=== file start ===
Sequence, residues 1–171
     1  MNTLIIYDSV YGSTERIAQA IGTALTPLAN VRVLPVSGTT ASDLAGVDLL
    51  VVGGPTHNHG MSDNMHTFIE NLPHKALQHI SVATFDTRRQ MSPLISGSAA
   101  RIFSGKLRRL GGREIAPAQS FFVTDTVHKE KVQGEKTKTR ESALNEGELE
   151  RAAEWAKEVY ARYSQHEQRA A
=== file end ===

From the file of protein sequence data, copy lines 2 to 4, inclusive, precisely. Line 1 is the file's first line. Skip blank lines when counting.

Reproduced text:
     1  MNTLIIYDSV YGSTERIAQA IGTALTPLAN VRVLPVSGTT ASDLAGVDLL
    51  VVGGPTHNHG MSDNMHTFIE NLPHKALQHI SVATFDTRRQ MSPLISGSAA
   101  RIFSGKLRRL GGREIAPAQS FFVTDTVHKE KVQGEKTKTR ESALNEGELE